His descriptions, great as was their intrinsic merit, derived their principal interest from the feeling which always mingled with them. He was himself the beginning, the middle, and the end, of all his own poetry, the hero of every tale, the chief object in every landscape. Harold, Lara, Manfred, and a crowd of other characters, were universally considered merely as loose. incognitos of Byron; and there is every reason to believe that he meant them to be so considered. The wonders of the outer world, the Tagus, with the mighty fleets of England riding on its bosom, the towers of
Cintra everhanging the shaggy forest of cork-trees and willows, the glaring marble of Pentelicus, the banks of the Rhine, the glaciers of Clarens, the sweet Lake of Leman, the dell of Egeria with its summer-birds and rustling lizards, the shapeless ruins of Rome overgrown with ivy and wall-flowers, the stars, the sea, the mountains, all were mere accessaries, the background to one dark and melancholy figure.
Never had any writer so vast a command of the whole eloquence of scorn, misanthropy and despair. That Marah was never dry. No art could sweeten, no draughts could exhaust, its perennial waters of bitterness. Never was there such variety in monotony as that of Byron. From maniac laughter to piercing lamentation, there was not a single note of human anguish of which he was not master. Year after year,
and month after month, he continued to repeat that to be wretched is the destiny of all; that to be eminently wretched is the destiny of the eminent; that all the desires by which we are cursed lead alike to misery, if they are not gratified, to the misery of disappointment, if they are gratified, to the misery of satiety. His heroes are men who have arrived by different roads at the same goal of despair, who are sick of life, who are at war with society, who are supported in their anguish only by an unconquerable pride resembling that of Prometheus on the rock or of Satan in the burning marl, who can master their agonies by the force of their will, and who, to the last, defy the whole power of earth and heaven. He always described himself as a man of the same kind with his favourite creations, as a man whose heart had been withered, whose capacity for happiness was gone and could not be restored, but whose invincible spirit dared the worst that could befall him here or hereafter.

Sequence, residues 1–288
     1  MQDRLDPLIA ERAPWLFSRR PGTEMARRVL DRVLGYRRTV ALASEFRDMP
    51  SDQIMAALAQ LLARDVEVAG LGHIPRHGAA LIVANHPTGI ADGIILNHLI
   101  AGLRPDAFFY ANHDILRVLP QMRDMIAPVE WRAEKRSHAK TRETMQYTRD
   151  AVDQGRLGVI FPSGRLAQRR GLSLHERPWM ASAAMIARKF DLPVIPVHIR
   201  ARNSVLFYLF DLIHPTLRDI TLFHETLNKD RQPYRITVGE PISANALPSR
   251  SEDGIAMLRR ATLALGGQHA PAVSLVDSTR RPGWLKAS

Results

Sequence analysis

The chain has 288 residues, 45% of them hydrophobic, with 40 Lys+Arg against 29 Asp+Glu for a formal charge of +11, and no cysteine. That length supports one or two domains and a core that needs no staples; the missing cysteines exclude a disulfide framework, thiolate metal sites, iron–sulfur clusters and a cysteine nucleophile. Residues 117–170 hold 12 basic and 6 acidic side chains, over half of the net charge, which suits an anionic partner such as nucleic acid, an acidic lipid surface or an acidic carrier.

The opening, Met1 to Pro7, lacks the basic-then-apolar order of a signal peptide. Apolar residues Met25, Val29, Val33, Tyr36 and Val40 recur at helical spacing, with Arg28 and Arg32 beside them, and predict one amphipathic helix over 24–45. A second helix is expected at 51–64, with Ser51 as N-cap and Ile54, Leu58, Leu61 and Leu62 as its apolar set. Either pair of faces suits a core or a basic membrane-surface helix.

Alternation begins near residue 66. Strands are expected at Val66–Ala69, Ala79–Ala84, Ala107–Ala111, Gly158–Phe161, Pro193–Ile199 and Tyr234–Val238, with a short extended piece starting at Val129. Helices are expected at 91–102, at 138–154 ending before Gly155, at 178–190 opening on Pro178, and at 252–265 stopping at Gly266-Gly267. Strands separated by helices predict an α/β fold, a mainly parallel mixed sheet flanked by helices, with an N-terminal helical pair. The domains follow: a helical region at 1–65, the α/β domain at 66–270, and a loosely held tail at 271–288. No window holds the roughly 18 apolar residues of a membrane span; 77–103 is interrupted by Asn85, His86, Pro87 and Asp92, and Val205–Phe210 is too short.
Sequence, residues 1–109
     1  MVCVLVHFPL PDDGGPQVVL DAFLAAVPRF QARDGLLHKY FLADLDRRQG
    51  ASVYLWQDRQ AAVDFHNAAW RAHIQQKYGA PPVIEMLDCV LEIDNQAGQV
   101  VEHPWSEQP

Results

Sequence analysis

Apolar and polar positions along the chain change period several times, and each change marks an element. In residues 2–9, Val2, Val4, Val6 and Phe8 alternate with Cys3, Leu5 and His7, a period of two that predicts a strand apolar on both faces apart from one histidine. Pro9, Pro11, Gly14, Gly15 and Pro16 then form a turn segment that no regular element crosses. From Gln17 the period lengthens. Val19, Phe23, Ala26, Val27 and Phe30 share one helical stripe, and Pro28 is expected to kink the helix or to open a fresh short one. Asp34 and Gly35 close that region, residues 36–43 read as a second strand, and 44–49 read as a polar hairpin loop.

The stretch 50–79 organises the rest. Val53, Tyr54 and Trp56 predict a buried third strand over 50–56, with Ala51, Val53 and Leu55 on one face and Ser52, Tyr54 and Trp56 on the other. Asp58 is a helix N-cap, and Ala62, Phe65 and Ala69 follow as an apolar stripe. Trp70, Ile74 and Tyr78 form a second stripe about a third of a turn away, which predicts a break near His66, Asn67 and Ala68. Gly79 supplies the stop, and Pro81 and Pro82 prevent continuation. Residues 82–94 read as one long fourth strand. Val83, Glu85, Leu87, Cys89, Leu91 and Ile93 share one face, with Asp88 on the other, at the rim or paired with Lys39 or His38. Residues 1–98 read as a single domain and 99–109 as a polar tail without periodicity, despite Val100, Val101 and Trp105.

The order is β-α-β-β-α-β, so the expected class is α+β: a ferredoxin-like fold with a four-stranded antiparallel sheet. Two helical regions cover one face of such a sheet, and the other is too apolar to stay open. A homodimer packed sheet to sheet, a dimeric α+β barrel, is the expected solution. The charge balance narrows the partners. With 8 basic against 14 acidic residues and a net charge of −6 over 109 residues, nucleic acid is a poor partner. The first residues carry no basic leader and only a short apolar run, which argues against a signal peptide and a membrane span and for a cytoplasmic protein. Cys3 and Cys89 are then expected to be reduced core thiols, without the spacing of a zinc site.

How much of this morbid feeling sprang from an original disease of the mind, how much from real misfortune, how much from the nervousness of dissipation, how much was fanciful, how much was merely affected, it is impossible for us, and would probably have been impossible for the most intimate friends of Lord Byron, to decide. Whether there ever existed, or can ever exist, a person answering to the description which he gave of himself may be doubted; but that he was not such a person is beyond all doubt. It is ridiculous to imagine that a man whose mind was really imbued with scorn of his fellow-creatures would have published three or four books every year in order to tell them so; or that a man who could say with truth that he neither sought sym`pathy nor needed it would have admitted all Europe to hear his farewell to his wife, and his blessings on his child. In the second canto of Childe Harold, he tells us that he is insensible to fame and obloquy: